• A solution can be derived from Markov-model of the reference genome (e.g., derived from an estimated HMM), which can be inferred from an (i) assembled reference (e.g., genotypic/haplotypic) genome(s), (ii) an assembled genome with a single reference along with all the population polymorphisms (e.g., SNPs, indels, breakpoints, structural variants), (iii) a semi-assembled reference genome with a set of un-phased contigs, or (iv) from just a collection of sequence reads (e.g., possibly error-corrected, and organized in a de Bruijn graph). A more direct solution can be devised by avoiding pre-processing altogether, and simply following a “lazy-evaluation” scheme where Pk(B) (and Pk(
    Figure US20150142334A1-20150521-P00001
    B)) can be estimated in real-time by aligning the (k−1)-prefix of the sequence, analyzed and “called” so far, to all the locations in the reference genome using efficient compressed and searchable data structures (e.g., Burrows-Wheeler Transform (“BWT”) and Ferragina-Manzini (“FM”) Index (collectively “FMI”) and its variants. (See, e.g., Reference 20).
  • Thus, for example, an exemplary composite score function can be:
  • f score ( X B ; k ) + w align ( · ) f score * ( B ; k , sp k , ep k , sp k - 1 , ep k - 1 ) with f score * ( B ; k , sp k , ep k , sp k - 1 , ep k - 1 ) = ln ( P k ( B ) P k ( B ) ) = ln ( ep k - sp k + 1 ) - ln ( ep k - 1 - sp k - 1 - ep k + sp k ) ,
  • where the FMIs spk and epk can define the interval in the FMI-dimension corresponding to all the aligned matches in the reference for B in the kth cycle, which can translate in a very straightforward manner to the number of occurrences of the sequences in the reference at cycle k, which can be calculated by epk−spk+1. Since the equivalent value after (k−1) cycle can be epk−1−spk−1+1, the corresponding number for “non-matches” to B or matches to
    Figure US20150142334A1-20150521-P00001
    B, can be the difference (e.g., epk−1−spk−1−epk+spk). An exemplary estimator can be suitably modified to a “shrinkage estimator,” for instance, one using pseudo-counts, which can also avoid various degenerate situations.
  • The exemplary TRC base-callers can be generalized to more general class of alignments that can include “indels,” by simply expanding the four-character alphabet from {A,T,C,G} to a six-character alphabet {A,T,C,G,l,δ}, where l can represent an insertion and δ can represent a deletion. The score function appropriate for a runs of insertion and deletion can be more complex, and can also utilize some amount of “look-ahead” before employing the “pruning” step in the exemplary branch-and-bound procedure. A simplistic way to account for the effect of a “gap” can be to introduce another operation y, which can indicate that the score function can account for a gap in the alignment by restarting a new subtree rooted at a node labeled y.
  • For example, in an exemplary embodiment, a new alignment can restart (e.g., anywhere in the genome: the FMIs being recalculated ab initio). In order to avoid trivial gaps, there can be an appropriate gap penalty, and the putative “gaps” can be checked (e.g., using the FMIs for substrings between the gaps) in a post-processing step. The performance of the “gappy” alignments can be improved by making sure that the alignment process can be sufficiently localized. For instance, in the case of RNASeq applications, the alignments can be limited only to ORFs, or to run several alignment processes in parallel, with each process using a set of “pools” of ORFs, where all the ORFs in the same pool can be sufficiently uncorrelated from each other.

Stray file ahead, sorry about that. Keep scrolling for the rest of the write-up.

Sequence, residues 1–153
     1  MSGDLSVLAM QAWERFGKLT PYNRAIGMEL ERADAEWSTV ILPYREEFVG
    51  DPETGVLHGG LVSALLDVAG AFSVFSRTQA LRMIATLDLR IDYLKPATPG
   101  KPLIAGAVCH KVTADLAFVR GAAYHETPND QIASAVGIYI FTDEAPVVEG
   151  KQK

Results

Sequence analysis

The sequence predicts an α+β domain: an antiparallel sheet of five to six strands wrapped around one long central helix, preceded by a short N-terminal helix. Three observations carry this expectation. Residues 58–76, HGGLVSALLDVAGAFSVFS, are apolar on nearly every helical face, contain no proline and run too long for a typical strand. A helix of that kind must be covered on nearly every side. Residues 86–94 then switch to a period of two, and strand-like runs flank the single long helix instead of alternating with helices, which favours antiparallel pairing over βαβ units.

• However, once such a base-caller can be used with priors resulting in “gappy” alignment, the resulting base-calls can be expected to be superior to what can be inferred by the traditional base-callers that have been developed for RNASeq applications. But more importantly, from the base call and the “gappy” alignment (e.g., the correct one being inferred from the FMI values), the locations of exons and splice sites can also be inferred, providing an annotation for the intron-exon structure, as well as the splicing isoforms that the data represent.
  • Exemplary Base-Calling with Alignment to an Annotated Reference Genome: “Stringomics”
  • For exemplary RNASeq applications, for example, the exemplary TRC can also take advantage of the annotated portions of the reference genome by using a novel data-structure. (See, e.g., Reference 10). In this exemplary structure, the exon-intron structures, and the multiple splicing-isoforms, can be encoded efficiently such that the exemplary system, method, and computer-accessible medium, according to an exemplary embodiment of the present disclosure, (e.g., for the whole genome) can be extended and generalized easily without sacrificing space and time efficiency. Thus, such exemplary “stringomics” data-structure can support the complex topology encoded by the splice junctions connecting groups of exons, and can be represented as a directed-acyclic graph (“DAG”). Its main function can be to align the sequence seen so far as a path in the graph and provides information about the next anticipated base efficiently (e.g., in terms of indices similar to FMI). It can also be possible to outline the basic exemplary ingredients of the “stringomics” data structure as described below.